How does the community help you on the product side? Is there a collaboration between learning from the people you interact with and then translating that into insight for the product team to make better decisions?
Although our Slack group is limited in terms of engagement, which is a result of not having nailed our target audience fully, it has introduced us to a couple of really dedicated community members. I've had several product feedback chats about the workflow of the product. We have ideas on how we want these interactions to go but they haven't yet reached the scale we were hoping for.
We've tried to be responsive in all aspects, particularly in product support and how diligently we're thinking about communicating this shift we're about to make towards the Lens Creators. I think that has built trust across our community.
For now, there's just the general idea that when there's product feedback, we jump on our internal company's Slack and discuss it almost immediately. I believe we have done a good job of identifying and creating a process to handle product improvements based on that feedback so far. We've tried to be responsive in all aspects, particularly in product support and how diligently we're thinking about communicating this shift we're about to make towards the Lens Creators. I think that has built trust across our community.
One piece of advice you'd give to anyone building out a community around a software startup?
One thing I wish I had done better is to understand the longer-term purpose of the community earlier. It sat on our roadmap, but I didn't engage with those questions enough, even as the community manager. If you're building a community, whether it's talking to your co-founder (if it's a new startup) or to your head of marketing, you need to be addressing purpose questions like "Why are we doing this?" consistently.
It's also important to imagine what the alternatives might be. Compare it to a paid strategy, project what it's going to be three or five years down the road even if you're not sure. Essentially, trying to figure out what the ideal path might be so you can start from a place that combines your identity as a community-first organization with your business. The earlier you form that identity, and the more connected to the business roadmap you make it, the better.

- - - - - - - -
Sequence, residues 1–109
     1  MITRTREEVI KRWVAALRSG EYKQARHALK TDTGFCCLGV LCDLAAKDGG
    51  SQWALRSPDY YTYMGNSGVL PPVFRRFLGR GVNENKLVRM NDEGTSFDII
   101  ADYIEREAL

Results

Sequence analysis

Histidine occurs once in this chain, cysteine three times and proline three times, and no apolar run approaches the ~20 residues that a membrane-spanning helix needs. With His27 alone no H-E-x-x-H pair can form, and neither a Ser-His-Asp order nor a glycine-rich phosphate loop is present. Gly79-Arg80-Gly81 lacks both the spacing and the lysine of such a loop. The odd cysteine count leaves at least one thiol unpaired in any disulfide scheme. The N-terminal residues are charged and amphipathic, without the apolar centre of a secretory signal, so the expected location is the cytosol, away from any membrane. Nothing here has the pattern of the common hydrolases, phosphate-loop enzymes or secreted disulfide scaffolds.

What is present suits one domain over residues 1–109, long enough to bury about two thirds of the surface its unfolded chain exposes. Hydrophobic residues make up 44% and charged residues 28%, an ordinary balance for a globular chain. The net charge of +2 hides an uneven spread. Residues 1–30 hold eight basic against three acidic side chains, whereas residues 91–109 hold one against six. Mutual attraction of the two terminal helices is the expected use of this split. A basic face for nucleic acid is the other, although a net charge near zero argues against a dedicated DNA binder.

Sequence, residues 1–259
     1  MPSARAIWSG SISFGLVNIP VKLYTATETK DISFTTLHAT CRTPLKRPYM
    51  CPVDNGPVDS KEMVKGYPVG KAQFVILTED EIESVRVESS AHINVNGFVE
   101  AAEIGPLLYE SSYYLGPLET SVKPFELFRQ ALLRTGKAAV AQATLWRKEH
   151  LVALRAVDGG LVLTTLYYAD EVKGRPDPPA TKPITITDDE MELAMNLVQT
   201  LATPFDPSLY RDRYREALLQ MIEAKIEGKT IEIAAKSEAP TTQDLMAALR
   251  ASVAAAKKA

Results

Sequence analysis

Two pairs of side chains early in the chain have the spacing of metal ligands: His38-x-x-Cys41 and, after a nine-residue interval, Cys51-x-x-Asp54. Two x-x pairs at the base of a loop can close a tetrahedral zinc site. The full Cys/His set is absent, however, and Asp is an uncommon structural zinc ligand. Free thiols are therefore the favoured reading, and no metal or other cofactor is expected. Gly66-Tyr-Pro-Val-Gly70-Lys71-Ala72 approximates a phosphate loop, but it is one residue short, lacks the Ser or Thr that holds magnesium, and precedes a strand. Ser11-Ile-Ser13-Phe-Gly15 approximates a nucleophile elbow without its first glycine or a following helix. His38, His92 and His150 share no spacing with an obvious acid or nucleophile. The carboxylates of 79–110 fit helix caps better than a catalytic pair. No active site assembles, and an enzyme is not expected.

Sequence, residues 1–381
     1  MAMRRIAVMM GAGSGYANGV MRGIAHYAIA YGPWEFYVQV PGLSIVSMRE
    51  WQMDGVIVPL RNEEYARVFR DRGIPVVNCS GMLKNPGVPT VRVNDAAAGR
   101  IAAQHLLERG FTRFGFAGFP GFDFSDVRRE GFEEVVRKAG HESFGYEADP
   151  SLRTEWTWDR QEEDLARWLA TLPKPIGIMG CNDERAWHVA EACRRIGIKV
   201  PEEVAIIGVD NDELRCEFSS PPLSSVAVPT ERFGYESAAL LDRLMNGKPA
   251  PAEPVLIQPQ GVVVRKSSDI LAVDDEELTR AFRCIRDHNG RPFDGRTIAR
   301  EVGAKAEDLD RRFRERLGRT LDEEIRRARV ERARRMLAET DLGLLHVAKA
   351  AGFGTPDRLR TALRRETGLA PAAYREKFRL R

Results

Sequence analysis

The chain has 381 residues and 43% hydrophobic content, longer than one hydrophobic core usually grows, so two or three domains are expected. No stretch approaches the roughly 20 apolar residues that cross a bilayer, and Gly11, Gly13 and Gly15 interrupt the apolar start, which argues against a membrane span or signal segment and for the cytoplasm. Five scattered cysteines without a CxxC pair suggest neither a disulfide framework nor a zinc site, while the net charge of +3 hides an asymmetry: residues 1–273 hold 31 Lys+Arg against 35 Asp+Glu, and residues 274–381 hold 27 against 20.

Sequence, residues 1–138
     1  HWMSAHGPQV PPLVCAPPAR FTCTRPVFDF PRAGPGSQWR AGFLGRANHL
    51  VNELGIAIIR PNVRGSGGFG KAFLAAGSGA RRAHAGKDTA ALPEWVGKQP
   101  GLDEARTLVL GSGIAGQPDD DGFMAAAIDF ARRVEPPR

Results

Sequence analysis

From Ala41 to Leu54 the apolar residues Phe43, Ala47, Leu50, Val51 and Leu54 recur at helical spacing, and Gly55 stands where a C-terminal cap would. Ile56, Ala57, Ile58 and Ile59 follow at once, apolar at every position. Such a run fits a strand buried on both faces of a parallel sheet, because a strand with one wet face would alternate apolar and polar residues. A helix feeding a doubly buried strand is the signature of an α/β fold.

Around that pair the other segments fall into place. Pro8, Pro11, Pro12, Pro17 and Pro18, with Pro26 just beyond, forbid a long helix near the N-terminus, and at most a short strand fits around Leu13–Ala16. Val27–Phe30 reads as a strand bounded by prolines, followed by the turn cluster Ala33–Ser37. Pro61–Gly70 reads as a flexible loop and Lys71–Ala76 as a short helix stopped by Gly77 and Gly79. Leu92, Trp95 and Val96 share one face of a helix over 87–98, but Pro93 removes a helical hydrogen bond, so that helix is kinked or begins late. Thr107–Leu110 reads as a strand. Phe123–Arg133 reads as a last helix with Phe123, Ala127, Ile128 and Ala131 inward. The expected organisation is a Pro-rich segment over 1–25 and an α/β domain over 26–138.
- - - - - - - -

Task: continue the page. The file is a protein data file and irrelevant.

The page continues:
Sometimes engineering and product-related topics take precedence in an early startup. As a community manager, you should make sure these are brought up in meetings and communicate them fairly.
Another thing is keeping the Community in front of mind - or at least a part of the discussion internally all the time. Sometimes engineering and product-related topics take precedence in an early startup. As a community manager, you should make sure these are brought up in meetings and communicate them fairly.
How do you get inspiration for your work?
I had a couple of good mentors. Rebecca Corliss, the VP at VergeSense, has been great. She understands the ins and outs of a lot of different parts of marketing. In terms of community, Paige Bailey from TensorFlow has been a good example of how to do hero-making or support the community through social media. If you're doing developer relations and community, exploring DevRel Twitter can introduce you to many amazing people.
How can people find out more about you?
Going through our blog, Heartbeat is the best way. That's how you'll be introduced to what we do, what kinds of things we publish. From there, you can find our are product, look at the range of contributors and how we think about content organization, and see how things change and evolve.